5,000 pupils out of school following clashes in Nandi, Kisumu counties

Tuesday January 12 2016

Ms Jenifer Okumu picks up the remains from her house that was torched following deadly clashes on the Kisumu-Nandi border on January 10, 2016. More than 5,000 remained at home after seven primary schools were closed on January 11, 2015. PHOTO | TONNY OMONDI | NATION MEDIA GROUP

Ms Jenifer Okumu picks up the remains from her house that was torched following deadly clashes on the Kisumu-Nandi border on January 10, 2016. More than 5,000 remained at home after seven primary schools were closed on January 11, 2015. PHOTO | TONNY OMONDI | NATION MEDIA GROUP 

By TOM MATOKE
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By MOSES ODHIAMBO
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More than 5,000 children have remained at home after seven primary schools on the border of Nandi and Kisumu counties were closed on Monday following deadly clashes over cattle rustling.

The violence has so far left five people dead, 11 others seriously injured, and houses burnt.

The affected primary schools in Nandi are Chepsuereta, Kapsigirai, Railway and Kibigori. Those in Kisumu County are Oroba, Guok and Nyangore.

At the same time, leaders in Nandi County on Monday told off their Kisumu counterparts for accusing them of funding the animal thefts in a bid to have the boundaries established by the colonial government changed.

More than 300 security officers from the two counties have been sent to the area to quell the violence.

Parents are worried that their school-going children might be attacked by the warring groups, a situation that prompted the closure of the educational institutions.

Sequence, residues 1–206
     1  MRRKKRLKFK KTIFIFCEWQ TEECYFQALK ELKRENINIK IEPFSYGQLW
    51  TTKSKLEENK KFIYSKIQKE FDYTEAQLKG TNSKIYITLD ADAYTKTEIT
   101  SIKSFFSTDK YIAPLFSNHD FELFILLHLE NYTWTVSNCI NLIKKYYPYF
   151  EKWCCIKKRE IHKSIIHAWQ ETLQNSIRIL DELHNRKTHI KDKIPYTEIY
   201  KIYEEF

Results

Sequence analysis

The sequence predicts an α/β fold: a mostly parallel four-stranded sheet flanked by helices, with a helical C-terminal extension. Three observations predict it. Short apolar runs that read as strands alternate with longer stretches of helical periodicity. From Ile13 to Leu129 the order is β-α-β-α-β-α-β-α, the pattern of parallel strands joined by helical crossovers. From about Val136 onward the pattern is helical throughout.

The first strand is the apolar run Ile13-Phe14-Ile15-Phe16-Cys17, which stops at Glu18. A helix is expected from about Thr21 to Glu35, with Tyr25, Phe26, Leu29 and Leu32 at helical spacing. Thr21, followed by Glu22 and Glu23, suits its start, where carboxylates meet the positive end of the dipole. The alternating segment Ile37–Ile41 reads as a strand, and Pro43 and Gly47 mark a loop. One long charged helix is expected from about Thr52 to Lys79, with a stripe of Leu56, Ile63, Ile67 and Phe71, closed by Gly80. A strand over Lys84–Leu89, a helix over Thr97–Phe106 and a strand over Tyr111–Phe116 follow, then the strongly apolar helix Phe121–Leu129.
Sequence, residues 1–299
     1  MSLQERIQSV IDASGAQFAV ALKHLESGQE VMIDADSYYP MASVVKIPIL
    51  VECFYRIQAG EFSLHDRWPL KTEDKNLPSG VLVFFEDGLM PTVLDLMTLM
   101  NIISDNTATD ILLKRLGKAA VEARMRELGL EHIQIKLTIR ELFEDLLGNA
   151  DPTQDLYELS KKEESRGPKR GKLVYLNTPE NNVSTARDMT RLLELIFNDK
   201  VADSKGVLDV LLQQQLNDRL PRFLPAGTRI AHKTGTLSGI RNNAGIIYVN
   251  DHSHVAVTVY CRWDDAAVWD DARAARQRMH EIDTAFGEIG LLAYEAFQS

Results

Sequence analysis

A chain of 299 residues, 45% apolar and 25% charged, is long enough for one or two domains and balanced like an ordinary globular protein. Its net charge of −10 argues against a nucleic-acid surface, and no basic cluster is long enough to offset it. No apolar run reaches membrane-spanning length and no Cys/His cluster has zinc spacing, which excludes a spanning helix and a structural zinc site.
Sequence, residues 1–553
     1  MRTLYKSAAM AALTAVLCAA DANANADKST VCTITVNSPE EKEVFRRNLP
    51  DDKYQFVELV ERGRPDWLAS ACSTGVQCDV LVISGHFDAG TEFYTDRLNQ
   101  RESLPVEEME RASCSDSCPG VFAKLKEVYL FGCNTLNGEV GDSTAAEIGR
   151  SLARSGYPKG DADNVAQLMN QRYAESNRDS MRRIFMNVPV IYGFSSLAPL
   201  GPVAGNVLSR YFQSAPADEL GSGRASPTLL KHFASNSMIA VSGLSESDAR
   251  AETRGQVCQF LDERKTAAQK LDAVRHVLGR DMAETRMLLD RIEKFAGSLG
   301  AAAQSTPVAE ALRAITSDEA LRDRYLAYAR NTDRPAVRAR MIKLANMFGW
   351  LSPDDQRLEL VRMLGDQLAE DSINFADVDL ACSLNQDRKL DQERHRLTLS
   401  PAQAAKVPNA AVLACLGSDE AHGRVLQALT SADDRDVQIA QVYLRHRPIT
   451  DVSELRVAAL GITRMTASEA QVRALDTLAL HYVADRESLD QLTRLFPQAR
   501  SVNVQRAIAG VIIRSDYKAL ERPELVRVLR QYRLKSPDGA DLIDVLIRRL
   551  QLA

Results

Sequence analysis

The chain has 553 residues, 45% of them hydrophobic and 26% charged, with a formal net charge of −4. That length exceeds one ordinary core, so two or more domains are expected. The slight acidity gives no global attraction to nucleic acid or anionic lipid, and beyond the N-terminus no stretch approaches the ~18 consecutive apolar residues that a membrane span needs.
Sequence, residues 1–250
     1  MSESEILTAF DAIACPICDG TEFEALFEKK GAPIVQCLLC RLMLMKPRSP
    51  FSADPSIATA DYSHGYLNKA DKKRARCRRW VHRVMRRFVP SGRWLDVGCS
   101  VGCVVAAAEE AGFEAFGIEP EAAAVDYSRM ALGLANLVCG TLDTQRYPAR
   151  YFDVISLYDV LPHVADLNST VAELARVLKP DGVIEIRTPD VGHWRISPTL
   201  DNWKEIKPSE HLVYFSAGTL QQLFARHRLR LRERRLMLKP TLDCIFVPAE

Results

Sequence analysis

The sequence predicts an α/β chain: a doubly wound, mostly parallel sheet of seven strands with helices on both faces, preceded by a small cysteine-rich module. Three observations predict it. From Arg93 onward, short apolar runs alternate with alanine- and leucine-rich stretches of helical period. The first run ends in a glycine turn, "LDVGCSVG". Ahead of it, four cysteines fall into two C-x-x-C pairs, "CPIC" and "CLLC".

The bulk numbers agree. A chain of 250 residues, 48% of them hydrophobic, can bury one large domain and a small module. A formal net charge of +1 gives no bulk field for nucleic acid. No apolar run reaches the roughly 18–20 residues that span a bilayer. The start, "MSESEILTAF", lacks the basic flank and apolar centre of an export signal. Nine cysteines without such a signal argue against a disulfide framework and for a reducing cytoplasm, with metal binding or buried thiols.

Trading centres in the area have also remained deserted.

Kenya National Union of Teachers’ Nandi South Secretary Stephen Misoi asked the national government to beef up security in the schools and surrounding areas so that normalcy returns.

“The central government should deal with insecurity along the border of Nandi and Kisumu counties, and ensure innocent children and teachers are not affected,” he said.

Meanwhile, Knut’s Nyando  Executive Secretary John Obungu said teachers sought to remain at home on safety grounds.

“Most of the pupils who were displaced as a result of the Friday fights have stayed at home. The area is not yet peaceful,” Mr Obungu told the Nation yesterday.

He said teachers who live in Chemelil Town had feared for their lives as the road they use to school was one of the worst affected areas.

The National Cohesion and Integration Commission is set to engage the groups from today in an effort to bring lasting peace to the area.

“The commission will hold one meeting in Kisumu today and another on Wednesday in Nandi,” said Nyanza regional coordinator Francis Mutie.